Special Moments

Lately I’ve been thinking a lot about ‘work’ and what defines it. Many people believe that in order to have an actual job, one must work a nine to five. While I have the utmost respect for anyone in this kind of situation, I do not believe it is the only way to be working. As a performer, I’ve heard from many people that what I do is not a ‘real’ job. Although everyone is entitled to his or her own opinion, I will not back down on what I truly believe. Yes I am fortunate enough to do what I love and get paid, although this should never discredit my or any performer’s work.

Although I have discussing this idea with a few of my peers, a good friend of mine, Larissa, made me think to really speak on it.  She mentioned that in our industry specifically, certain dancers get more respect than others. Just because someone has booked a better-known gig than another, doesn’t mean his or her work is any better than the rest. Dancers move the soul, and everything we do has value. From Disneyland, to dancing for a major artist, improvising in a small room full of your peers, or in a small company: it’s all in and of the same. She’s right.  Someone is always being affected by what we do. People are watching us dance. They come to see us perform to escape, and get a way to feel something separate from their ordinary lives.

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[ Mickey and the Magical Map Live – photo taken by a lovely audience member ]

Not that long ago, the main choreographer (Mike) who created our show at Disneyland reminded us just how important our job is here. He went back in history reviewing the importance of Walt Disney and his influence on the world. Walt aimed to create a place where everyone, young and old, could escape to. A place where ‘dreams come true’ and magic happens all year round.  The sparkle in kid’s eyes that we ourselves can create is simply, priceless. People from all around the world know all about Disney. No matter where you go, someone has been to or at least heard about this place. It’s where many kids dream of going their entire lives. How special is that?

Then I think about all of the special moments I get to experience in Fantasyland in and during our show. The cast, as I will say time and time again, is amazing. What incredible people I get to work with every day. From dressing room fun, to on stage warm ups, rehearsals, contingencies and LIVING on stage five times a day! It is all quite wonderful. Even when things get crazy, I will always enjoy my time here.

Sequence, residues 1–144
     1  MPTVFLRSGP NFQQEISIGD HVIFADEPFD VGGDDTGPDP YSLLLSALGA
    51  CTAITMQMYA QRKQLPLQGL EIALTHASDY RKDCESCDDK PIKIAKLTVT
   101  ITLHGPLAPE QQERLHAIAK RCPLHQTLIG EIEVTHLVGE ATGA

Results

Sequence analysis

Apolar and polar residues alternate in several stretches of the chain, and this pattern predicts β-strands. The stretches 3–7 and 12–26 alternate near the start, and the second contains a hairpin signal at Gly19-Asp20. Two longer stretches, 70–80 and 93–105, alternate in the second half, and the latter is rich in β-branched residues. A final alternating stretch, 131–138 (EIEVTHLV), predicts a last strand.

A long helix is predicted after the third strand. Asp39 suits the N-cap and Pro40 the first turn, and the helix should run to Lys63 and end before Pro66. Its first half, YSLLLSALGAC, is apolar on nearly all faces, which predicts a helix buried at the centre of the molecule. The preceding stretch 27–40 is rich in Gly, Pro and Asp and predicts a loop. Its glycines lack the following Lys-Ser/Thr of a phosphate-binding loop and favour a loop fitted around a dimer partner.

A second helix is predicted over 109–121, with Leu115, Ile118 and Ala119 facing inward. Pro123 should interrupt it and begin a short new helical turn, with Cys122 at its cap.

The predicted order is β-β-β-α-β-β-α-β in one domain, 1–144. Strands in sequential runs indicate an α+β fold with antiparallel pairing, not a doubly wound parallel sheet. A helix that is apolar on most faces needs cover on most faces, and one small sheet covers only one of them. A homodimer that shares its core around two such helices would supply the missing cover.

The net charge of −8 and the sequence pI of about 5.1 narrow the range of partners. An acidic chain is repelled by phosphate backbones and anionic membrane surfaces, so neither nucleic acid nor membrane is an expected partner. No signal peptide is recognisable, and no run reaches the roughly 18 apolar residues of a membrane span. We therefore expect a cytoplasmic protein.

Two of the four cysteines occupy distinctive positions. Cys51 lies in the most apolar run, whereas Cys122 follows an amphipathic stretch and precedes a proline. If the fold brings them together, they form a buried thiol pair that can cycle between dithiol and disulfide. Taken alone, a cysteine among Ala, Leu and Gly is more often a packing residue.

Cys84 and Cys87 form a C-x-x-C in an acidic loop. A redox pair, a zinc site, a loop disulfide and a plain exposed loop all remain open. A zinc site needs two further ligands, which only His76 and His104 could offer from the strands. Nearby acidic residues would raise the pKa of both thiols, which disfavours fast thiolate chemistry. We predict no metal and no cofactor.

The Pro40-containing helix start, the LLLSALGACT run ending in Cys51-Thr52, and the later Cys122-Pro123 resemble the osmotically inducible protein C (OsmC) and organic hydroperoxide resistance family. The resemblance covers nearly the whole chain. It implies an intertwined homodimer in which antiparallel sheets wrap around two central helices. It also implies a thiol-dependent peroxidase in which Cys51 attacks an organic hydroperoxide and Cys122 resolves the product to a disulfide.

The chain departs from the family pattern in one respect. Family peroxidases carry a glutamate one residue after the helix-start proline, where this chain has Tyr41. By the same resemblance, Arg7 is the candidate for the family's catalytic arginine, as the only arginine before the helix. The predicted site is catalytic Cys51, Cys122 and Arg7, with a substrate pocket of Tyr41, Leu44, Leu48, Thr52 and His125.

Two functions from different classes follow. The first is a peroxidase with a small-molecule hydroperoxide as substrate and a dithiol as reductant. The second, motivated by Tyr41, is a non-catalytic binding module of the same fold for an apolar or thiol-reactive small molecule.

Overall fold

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[ Map Makers in rehearsal – ready to perform! ]

It’s always the little things. The expression I see on kids faces, will always warm my soul. The moments in the audience where I interact with small children are everything to me. A small high five or sharing my ‘pearl ball’ and a long tight grasp, can make my day a whole lot brighter. If only I could understand what’s going on inside that small body of theirs. Understanding just what they might be experiencing and thinking. When a happy boy with special needs grabs onto both of my hands and dances with me, I melt. To the constant fans who are always in the audience supporting, you are amazing. When I see that old man in the wheel chair and he waves and blows me a kiss, I die. Then the little girl down the row twirls, points and grins from ear to ear. It is all so special to me and I will never forget just how it makes me feel. What I do can be so incredible influential in such a small way, and I always must remember that.

Disneyland has always been such a marvelous place, although I never thought it would mean this much. Working here is amazing. Knowing all of the secrets and just how everything works is so cool. It is all such a privilege and I love that I get to share it with a few of the best. Not to mention, Austin and I have started a few special moments of our own at the park. Maybe I’ll tell you, maybe I won’t 😉 Oh and in case you’re wondering who Austin is, he’s the boyfriend (crazy I know) ❤ Have a great Sunday y’all!

With love,

Syd

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[ Disney day in the park was pretty Magical ❤ ]

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